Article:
The blockbuster merger is worth A$4 billion and will see the two companies form a giant firm spanning television, digital media, print, streaming and real estate advertising.

By Daniel Herborn

Posted on July 26, 2018

The merged company will be known as Nine and would be Australia’s largest integrated media entity. The two companies plan to complete the merger by the end of 2018.

The combined company will be headed by current Nine CEO Hugh Marks. The new board will comprise Marks, Nine chairman Peter Costello, two Nine directors and three directors from Fairfax.

Fairfax had been eyeing a merger for some time and had engaged in detailed talks about a possible merger with Seven West Media but this morning’s announcement came as a shock.

A blockbuster multimedia merger

Fairfax has a range of print and digital assets, including long-running mastheads The Sydney Morning Herald, The Australian Financial Review and The Age, real estate listings portal Domain, subscription streaming service Stan and a majority interest in Macquarie Media, which operates a number of radio stations.

Under the proposed deal, Nine shareholders would hold a 51.1% stake in the combined company, with Fairfax shareholders owning the other 48.9%.

It is anticipated the merger will deliver annualised savings of more than A$50 million over two years.

Australian journalists and media commentators reacted with shock at the news. “Didn’t see this coming,” wrote Kate McClymont, one of Fairfax’s most decorated reporters, on Twitter.

Early reactions to this morning’s surprise announcement to the Australian Stock Exchange forecast some Fairfax staff including those in finance and human resources would lose their jobs in the move.

There was also widespread concern that the merger would result in a dramatic narrowing of the Australian media landscape. “Vale Australian media diversity,” wrote Courier-Mail (and ex Fairfax) journalist Paul Syvret on Twitter.

Other media figures in Australia were saddened to learn that Fairfax, a company which was founded back in 1841 and has long been one of the most influential media players in the nation, would soon be no more.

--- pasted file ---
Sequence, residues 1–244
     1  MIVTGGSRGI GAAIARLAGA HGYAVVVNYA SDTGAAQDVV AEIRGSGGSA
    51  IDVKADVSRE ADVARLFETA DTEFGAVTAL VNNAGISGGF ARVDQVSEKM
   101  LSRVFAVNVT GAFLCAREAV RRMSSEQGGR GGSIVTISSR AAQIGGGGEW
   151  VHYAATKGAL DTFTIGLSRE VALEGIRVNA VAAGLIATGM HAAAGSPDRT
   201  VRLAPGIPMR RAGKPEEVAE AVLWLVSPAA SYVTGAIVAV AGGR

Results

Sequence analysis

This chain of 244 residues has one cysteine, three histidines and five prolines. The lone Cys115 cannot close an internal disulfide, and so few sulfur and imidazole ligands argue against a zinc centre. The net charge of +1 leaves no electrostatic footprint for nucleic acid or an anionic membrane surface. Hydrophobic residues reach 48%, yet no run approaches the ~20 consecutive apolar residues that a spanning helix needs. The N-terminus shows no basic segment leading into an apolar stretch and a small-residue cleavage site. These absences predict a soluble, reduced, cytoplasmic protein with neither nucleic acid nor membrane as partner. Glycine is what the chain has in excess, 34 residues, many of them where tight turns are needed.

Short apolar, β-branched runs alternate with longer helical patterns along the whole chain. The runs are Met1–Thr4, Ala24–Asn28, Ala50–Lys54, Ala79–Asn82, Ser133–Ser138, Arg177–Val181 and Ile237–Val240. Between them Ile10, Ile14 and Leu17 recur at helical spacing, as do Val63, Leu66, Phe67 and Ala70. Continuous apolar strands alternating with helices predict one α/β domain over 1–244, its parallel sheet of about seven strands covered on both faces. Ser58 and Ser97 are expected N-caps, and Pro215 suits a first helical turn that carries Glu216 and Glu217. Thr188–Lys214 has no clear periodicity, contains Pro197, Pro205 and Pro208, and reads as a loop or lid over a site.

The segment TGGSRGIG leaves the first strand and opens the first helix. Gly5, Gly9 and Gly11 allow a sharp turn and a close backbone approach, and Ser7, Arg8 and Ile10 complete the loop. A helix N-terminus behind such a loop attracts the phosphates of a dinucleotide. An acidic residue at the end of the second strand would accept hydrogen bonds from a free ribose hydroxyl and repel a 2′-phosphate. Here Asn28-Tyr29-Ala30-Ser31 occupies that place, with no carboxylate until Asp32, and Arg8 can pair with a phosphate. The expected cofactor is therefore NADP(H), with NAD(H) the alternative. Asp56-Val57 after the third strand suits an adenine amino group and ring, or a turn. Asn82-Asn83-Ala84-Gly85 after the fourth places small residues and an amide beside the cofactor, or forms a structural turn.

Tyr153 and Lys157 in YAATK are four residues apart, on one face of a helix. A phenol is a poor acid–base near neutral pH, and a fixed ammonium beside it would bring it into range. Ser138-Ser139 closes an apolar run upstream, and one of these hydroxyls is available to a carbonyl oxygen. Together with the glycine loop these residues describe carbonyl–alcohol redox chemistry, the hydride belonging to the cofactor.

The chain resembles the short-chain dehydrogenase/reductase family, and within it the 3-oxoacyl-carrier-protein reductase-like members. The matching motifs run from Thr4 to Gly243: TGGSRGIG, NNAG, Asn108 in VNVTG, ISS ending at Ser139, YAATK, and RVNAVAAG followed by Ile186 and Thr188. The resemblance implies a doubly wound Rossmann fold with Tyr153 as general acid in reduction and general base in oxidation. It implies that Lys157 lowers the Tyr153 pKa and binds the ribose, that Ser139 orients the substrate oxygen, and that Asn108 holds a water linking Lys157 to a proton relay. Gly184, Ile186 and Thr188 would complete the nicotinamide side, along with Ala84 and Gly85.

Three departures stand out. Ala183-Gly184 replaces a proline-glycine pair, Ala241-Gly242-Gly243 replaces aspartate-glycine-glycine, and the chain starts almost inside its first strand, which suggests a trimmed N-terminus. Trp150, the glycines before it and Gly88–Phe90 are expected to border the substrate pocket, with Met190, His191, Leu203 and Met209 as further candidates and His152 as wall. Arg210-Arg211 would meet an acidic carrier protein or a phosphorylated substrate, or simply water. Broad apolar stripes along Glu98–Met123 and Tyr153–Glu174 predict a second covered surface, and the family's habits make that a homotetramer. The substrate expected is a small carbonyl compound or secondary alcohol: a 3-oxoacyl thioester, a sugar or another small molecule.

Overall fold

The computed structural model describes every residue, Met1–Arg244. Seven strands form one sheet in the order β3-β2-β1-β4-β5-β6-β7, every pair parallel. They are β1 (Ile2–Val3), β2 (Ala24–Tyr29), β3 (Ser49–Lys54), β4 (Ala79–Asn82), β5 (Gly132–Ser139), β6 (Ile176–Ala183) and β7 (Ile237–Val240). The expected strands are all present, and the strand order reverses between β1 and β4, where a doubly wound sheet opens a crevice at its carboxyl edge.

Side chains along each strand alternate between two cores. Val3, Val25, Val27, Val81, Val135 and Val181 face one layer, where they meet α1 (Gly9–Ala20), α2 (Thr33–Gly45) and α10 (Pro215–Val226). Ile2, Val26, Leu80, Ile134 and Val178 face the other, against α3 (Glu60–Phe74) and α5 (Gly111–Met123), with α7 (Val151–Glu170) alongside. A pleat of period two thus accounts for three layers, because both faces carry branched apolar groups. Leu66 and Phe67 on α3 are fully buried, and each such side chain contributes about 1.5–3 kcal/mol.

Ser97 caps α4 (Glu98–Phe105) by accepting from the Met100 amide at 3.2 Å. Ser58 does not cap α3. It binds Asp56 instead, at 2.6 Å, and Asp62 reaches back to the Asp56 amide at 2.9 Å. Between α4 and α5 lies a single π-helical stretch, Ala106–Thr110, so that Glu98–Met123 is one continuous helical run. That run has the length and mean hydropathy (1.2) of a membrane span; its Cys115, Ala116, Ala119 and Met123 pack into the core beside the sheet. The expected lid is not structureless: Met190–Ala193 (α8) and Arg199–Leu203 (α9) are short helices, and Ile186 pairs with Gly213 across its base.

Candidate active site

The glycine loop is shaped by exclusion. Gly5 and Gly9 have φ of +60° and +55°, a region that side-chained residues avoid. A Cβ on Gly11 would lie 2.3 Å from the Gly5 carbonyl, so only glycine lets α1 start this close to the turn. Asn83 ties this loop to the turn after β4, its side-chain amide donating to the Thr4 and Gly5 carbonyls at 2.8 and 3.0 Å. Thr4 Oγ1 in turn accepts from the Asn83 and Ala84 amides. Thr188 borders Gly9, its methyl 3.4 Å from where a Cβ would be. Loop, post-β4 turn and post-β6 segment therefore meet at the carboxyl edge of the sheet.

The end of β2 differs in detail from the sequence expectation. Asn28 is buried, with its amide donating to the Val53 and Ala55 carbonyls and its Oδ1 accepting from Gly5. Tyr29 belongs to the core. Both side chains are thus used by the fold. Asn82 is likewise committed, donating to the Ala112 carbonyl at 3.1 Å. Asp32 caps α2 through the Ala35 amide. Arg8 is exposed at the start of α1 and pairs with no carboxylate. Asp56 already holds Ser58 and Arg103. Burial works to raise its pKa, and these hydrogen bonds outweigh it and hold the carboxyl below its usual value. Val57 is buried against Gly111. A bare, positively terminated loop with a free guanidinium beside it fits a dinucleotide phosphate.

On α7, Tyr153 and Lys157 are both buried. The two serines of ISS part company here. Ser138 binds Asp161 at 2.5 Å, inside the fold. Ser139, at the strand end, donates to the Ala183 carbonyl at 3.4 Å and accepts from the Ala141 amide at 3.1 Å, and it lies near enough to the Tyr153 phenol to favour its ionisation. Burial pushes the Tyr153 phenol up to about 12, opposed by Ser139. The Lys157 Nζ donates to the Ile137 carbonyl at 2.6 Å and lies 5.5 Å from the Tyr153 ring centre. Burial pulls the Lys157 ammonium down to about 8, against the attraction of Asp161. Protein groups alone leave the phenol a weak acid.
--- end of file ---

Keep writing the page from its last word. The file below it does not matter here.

What are Nine and Fairfax executives saying about the proposed transaction?

“The Fairfax Board has carefully considered the Proposed Transaction and believes it represents compelling value for Fairfax shareholders,” Fairfax chairman Nick Falloon said in a statement.

“The directors of Fairfax will unanimously recommend that Fairfax shareholders vote in favour of the Scheme in the absence of a superior proposal.”

Fairfax CEO Greg Hywood said the proposed deal “reflects the success of Fairfax’s transformation strategy which has created value for shareholders through targeted investment in high growth businesses” including Domain and Stan.

“The combination with Nine provides an exciting opportunity to continue to drive incremental value well into the future.”
Marks said that Nine’s “strong operating momentum” has allowed it to invest in its new video on demand service 9Now, its digital publishing arm and Stan.

“This merger with Fairfax will add another dimension, creating a unique, all-platform, media business that will reach more than half of Australia each day through television, online, print and radio.”There was widespread concern that the merger would lead to a dramatic narrowing of the Australian media landscape.

What is the law around mergers in Australia?

Under Australian competition law, a merger will be prohibited if it has, or is likely to have, the effect of substantially lessening competition in any market. The two parties proposing the merger will have to demonstrate the proposed acquisition does not meet this threshold.

Parties seeking a merger can also gain authorisation from the Australian Competition and Consumer Commission (ACCC), the national competition regulator, where they can show the merger would produce a public benefit that would outweigh the anti-competitive impact of the merger.

Fairfax’s attempt to merge Stuff, its New Zealand business, with integrated media company NZME was rejected by the New Zealand competition regulator, both at first instance and on appeal.

The present merger is expected to be approved by the ACCC however.

Up until September last year, Australia had laws prohibiting one company owning print, radio and television assets in the one market. Legislation removing this requirement passed through parliament with the assistance of minor parties One Nation and Nick Xenophon Team. Media companies had argued this law was no longer relevant in a media landscape where new digital channels are becoming increasingly relevant.

The changes also revoked what was known as the “reach rule”, which prohibited a television broadcaster from reaching more than 75 per cent of the population.